Video conferencing service Zoom is acquiring Keybase, a startup that will help it implement end-to-end encryption to protect calls from unwelcome guests and clandestine monitoring.
Financial terms of the deal, negotiated over Zoom calls amid shelter-in-place orders, were not disclosed.
As coronavirus drives vast swathes of economic and social life online, Zoom usage has exploded from 10 million daily meeting participants in December 2019 to 300 million by the end of April 2020. But that explosion has exposed security weaknesses in the videoconferencing software. A wave of so-called ‘Zoom bombings’, in which uninvited guests disrupted video calls, were particularly embarrassing, and led some schools and businesses to ban the software.
In early April, Zoom responded by announcing that it would freeze new features and focus its resources on a 90-day push to enhance its security. Though it already offers some encryption, Zoom says the Keybase acquisition will help it completely redesign how it encrypts calls. For instance, in Zoom’s current design, the codes used to encrypt a secure call are generated by Zoom’s own servers, which could compromise security if hackers gained access to them. Zoom said it will now develop an option for users to generate these encryption keys on their own devices.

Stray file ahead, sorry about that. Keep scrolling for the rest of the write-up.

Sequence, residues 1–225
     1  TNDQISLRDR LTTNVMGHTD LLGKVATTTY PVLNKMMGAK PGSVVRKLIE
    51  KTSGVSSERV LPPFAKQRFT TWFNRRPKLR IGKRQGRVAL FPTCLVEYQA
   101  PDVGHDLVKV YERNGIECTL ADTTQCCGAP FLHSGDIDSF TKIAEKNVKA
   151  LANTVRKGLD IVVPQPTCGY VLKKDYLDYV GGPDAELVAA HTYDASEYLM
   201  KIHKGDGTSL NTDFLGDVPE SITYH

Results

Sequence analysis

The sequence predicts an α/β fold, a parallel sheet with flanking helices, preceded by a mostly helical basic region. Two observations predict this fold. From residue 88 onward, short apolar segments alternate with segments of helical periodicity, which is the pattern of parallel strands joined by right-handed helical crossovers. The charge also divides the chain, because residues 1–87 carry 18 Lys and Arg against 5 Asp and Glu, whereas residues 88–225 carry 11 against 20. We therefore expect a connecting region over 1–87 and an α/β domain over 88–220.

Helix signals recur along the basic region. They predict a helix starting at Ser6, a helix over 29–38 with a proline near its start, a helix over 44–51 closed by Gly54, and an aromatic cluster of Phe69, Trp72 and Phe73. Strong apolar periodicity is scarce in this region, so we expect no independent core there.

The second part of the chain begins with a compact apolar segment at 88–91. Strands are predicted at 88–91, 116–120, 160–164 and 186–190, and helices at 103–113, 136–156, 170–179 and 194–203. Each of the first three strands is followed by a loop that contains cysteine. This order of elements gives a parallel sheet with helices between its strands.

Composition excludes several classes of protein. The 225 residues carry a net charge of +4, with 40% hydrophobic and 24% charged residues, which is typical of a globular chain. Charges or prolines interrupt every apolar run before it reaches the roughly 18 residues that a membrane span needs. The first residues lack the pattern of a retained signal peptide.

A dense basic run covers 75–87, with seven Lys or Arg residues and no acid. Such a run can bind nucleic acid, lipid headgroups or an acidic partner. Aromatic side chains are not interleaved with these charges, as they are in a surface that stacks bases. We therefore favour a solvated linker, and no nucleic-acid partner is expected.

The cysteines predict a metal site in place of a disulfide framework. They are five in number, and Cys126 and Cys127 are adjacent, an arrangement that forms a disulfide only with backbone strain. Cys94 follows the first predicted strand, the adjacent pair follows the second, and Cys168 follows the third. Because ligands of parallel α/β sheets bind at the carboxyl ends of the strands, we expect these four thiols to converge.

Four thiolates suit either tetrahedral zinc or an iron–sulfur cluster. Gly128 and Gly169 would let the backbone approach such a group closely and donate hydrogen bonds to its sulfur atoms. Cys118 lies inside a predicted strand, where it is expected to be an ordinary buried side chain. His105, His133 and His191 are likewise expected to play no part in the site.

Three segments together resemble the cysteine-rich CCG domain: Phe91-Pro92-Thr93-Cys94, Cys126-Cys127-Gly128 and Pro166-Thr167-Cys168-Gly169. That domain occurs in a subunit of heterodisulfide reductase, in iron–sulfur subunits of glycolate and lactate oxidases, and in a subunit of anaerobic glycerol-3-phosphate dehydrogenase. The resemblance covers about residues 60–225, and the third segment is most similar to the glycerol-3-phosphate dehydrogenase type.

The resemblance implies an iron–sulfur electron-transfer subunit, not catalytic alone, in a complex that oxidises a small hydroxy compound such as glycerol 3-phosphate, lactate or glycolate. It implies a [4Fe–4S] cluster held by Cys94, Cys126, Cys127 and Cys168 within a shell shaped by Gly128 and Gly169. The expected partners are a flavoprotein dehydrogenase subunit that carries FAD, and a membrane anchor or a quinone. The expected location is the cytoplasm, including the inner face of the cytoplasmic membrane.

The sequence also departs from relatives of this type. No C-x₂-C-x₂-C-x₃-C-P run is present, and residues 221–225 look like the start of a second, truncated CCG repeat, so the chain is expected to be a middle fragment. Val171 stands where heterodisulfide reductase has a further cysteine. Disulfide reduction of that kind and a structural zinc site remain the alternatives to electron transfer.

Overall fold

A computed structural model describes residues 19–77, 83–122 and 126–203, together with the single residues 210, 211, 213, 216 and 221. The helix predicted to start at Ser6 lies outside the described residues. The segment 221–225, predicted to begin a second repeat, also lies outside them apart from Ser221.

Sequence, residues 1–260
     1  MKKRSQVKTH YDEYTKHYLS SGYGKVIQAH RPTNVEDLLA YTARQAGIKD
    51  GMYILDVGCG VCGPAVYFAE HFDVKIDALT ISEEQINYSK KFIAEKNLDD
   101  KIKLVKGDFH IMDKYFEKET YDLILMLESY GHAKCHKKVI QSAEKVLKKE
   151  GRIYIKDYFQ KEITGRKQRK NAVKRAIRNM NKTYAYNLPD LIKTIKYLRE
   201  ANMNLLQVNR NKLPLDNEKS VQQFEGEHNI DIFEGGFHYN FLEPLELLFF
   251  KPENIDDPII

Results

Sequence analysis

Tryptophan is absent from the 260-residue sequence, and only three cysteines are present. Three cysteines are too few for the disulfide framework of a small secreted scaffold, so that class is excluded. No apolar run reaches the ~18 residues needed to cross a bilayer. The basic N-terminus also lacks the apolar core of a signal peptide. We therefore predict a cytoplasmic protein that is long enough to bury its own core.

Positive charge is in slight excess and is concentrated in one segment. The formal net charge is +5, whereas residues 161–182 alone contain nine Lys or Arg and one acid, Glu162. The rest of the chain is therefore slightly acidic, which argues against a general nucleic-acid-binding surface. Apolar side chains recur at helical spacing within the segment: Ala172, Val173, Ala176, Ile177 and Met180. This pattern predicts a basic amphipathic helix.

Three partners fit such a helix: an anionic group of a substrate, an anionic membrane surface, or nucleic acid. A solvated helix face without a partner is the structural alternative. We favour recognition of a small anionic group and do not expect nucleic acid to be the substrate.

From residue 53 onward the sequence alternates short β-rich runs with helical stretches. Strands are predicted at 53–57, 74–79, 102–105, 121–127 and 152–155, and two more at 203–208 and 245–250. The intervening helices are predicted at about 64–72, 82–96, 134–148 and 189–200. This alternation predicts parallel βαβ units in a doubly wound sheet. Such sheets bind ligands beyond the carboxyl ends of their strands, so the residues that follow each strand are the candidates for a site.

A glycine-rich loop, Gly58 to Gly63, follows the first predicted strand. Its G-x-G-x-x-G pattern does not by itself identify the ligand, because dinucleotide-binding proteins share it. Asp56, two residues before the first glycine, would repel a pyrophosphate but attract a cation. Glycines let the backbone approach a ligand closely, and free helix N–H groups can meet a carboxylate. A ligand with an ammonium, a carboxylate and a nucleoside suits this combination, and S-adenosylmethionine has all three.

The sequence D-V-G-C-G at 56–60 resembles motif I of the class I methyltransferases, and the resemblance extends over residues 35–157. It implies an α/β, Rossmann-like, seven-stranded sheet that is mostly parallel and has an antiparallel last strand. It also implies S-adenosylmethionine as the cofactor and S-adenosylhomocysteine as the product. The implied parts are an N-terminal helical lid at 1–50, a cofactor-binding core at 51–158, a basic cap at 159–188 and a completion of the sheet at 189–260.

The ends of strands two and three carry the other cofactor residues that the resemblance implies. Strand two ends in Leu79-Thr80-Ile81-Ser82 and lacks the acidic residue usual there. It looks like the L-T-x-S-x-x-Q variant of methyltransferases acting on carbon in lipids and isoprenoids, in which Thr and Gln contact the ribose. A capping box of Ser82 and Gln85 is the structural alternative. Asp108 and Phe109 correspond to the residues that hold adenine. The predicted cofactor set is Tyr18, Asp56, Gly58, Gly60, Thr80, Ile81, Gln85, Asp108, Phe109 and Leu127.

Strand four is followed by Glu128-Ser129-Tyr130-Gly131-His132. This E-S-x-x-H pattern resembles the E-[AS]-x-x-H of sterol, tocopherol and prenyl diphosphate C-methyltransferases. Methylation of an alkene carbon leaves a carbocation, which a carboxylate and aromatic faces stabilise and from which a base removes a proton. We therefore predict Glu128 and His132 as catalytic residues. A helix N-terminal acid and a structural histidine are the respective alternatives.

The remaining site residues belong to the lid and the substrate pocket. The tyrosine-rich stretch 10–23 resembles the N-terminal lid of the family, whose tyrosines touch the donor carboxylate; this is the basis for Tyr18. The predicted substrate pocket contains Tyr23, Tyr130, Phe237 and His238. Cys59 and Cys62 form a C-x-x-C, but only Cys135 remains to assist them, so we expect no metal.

The new end-to-end encryption feature will be limited to paid accounts, and will not be available for some time. Zoom said it will release a draft design for the feature on May 22, then seek feedback from users, experts, and other stakeholders. The heightened security will also come with some tradeoffs – recording of calls in will be disabled for encrypted meetings, as will ‘phone bridging,’ the ability to dial into a Zoom meeting by telephone.
One risk of the new encryption features is their potential use for nefarious purposes, including child abuse. While encryption is key to the online privacy of law-abiding users, it also make it impossible for law enforcement to monitor calls, leading advocacy groups to push back against end-to-end encryption on other digital services, particularly Facebook. Zoom seems acutely aware of this conundrum, saying that while it will not monitor meetings or create any ‘back door’ for law enforcement access, it will “look for evidence of abusive users based upon other available data.”
Though Zoom hasn’t disclosed any plans, other elements of Keybase’s existing products could also have broader appeal as the coronavirus pandemic continues. For instance, malicious hackers have tried to exploit the surge in white-collar employees working from home in a variety of ways. Many of Keybase’s existing features focus on verifying users’ digital identities, which could help combat cyberattacks based on online impersonation.
The type of secure and private digital technology Keybase is focused on could also be significant in the fight against the coronavirus. Many plans for reopening the economy include contact tracing to help slow the spread of the virus, but some solutions could also threaten user privacy. Privacy-protecting contact-tracing infrastructure currently in development by Apple and Google relies on encrypted communication systems similar to those used by Keybase—and, soon, Zoom.
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